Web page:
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they desired.


They would not leave it to accident, whether Christ should see and heal them, or Yet, I fear, many of you are guilty of a folly like that. You are waiting (you say) in hope that Christ may one day convert and pardon you! But, alas! you wait without prayer. Brethren, this will never do! It is, indeed, a glorious truth, that Christ is often found of them that sought him not:"1 nevertheless, such persons have no right to expect his grace; millions of them have been left unnoticed, and died at last without healing-they had it not, because they asked not for it.-Observe, now, one more circumstance respecting those who came to Jesus to be cured of their diseases.

5. They complied with the simple method which was prescribed. This was, to touch him-" if it were but the border of his garment." And here is the most important point in our application to Christ for spiritual healing. What is it, which will at length bring the health into our souls-banish guilt, and subdue sin? What is the turning point in the cure? It is FAITH it is actual reliance on Christ's promise"Him that cometh to me, I will in no wise cast out."2 Prayer itself will effect nothing, unless it be the prayer of faith-bringing you, as it were, into contact with Christ. But a simple trust in his power and his merits will at once unite you to him, and health will be the inevitable consequence; you will be "washed— sanctified—justified, in the name of the Lord Jesus, and by the Spirit of our God.” 3

And now, from considering the Manner in which this application to the great Physician should be made, we pass on to notice, in the last place,

2 John vi. 37.

1 Isaiah lxv. 1.
31 Corinthians vi. 11.


"As many

as touched him were made whole "-were healed at


Yet no doubt there were all sorts of cases there; some slightly affected-others apparently incurable. Had you been looking on, you would have thought that some had a far better chance than their neighbours. Some cases there were, probably, such as even the Apostles could not have healed:-it was so once.' Yet behold! all are cured, in one and the same way; and that in an instant. If they could but touch him,

they were healed immediately.

And "is the Lord's hand shortened, that it cannot save? or is his ear heavy, that he cannot hear "2 us perishing sinners also? No, my brethren-he is "the same, yesterday, to-day, and for ever." Only come to him as they did of old-like men who feel their disease, and long for deliverance; only come in his prescribed way--expecting, praying, and getting into close contact with him by faith; and your most inveterate maladies shall give way. "Virtue" shall " come out of him," to heal your troubled conscience, and to repair your disordered nature. Your pardon will be instantaneous-your sanctification gradual, but sure. For ask of the generations of old: did ever any trust in him, and were confounded? Neither shall you, if, with a true heart and lively faith, you draw nigh unto him, who is " mighty to save."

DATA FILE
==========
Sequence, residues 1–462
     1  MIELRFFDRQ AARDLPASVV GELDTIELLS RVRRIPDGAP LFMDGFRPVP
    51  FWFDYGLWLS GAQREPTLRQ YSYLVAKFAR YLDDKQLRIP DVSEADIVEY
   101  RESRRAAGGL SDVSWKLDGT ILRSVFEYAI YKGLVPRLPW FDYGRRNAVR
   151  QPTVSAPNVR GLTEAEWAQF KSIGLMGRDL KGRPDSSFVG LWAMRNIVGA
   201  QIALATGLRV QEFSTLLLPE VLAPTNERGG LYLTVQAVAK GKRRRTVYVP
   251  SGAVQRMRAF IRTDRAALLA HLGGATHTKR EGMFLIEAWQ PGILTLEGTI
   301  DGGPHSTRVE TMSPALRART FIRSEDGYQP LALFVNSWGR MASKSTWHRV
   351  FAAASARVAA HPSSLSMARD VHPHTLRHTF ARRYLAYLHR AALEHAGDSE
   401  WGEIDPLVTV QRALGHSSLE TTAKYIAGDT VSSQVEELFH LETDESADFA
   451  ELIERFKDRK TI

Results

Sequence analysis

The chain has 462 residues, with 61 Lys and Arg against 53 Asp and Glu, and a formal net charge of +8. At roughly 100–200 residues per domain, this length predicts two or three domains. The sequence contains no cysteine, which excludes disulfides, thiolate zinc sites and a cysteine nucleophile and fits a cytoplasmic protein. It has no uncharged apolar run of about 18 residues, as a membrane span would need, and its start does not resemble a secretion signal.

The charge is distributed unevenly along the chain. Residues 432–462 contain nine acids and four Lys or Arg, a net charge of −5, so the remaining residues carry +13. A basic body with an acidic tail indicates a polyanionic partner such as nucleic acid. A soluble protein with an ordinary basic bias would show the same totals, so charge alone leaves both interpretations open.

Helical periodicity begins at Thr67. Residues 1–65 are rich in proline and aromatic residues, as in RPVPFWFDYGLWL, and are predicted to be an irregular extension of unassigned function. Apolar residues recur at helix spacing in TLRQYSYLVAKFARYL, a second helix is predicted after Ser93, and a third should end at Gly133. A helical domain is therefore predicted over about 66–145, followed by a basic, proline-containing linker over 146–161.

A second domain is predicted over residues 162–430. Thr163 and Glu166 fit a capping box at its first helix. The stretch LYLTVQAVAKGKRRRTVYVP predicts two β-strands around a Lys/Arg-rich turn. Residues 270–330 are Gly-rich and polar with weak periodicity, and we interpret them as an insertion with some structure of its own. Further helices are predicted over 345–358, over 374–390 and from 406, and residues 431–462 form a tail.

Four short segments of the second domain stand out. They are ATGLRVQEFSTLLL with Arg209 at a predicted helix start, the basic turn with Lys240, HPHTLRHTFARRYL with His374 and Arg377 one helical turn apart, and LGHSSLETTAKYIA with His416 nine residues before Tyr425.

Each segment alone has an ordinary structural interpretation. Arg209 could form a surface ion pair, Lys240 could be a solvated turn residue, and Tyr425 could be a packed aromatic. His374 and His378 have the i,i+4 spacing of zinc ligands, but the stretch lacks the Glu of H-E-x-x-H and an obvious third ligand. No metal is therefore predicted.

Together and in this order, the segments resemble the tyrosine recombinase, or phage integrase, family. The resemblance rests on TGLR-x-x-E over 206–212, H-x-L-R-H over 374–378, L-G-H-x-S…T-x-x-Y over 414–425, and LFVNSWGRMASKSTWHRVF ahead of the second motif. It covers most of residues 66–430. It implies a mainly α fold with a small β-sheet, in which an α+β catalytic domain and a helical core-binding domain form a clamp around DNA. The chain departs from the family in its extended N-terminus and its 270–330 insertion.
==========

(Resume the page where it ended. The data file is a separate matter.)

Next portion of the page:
1 See Luke ix. 40.

3 Hebrews xiii. 8.

2 Isaiah lix. 1.

4 Mark v. 30.


2 PETER i. 16.-We have not followed cunningly devised fables.


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So then, even in that early period-while Apostles were still alive--Infidelity had begun to lift its head, and to speak proud things; accounting "the glorious Gospel of the blesed God" 1 to be a mere fable! And do not suppose that this fact comes out by accident. The primitive teachers of Christianity never denied it; nay, they themselves record of their divine Master, that " though he had done so many miracles before the people, yet they believed not on him." 2 St. Peter here alludes to such unbelievers; and he answers them, by urging the evidence of his own senses. were eye-witnesses of his majesty.... when there came such a voice to him from the excellent glory, This is my beloved Son, in whom I am well pleased." Feeling, however, that this kind of evidence could not be so convincing to them as to himself, he refers them to another irresistible proof; namely-the agreement of the life, character, and doctrines of Jesus Christ, with the prophecies concerning him. This argument from the prophecies never failed to convince those who took the pains to examine it. Such an examination, however, many have not the means or opportunity of making. Nevertheless, in "a day of rebuke and blasphemy" like the present,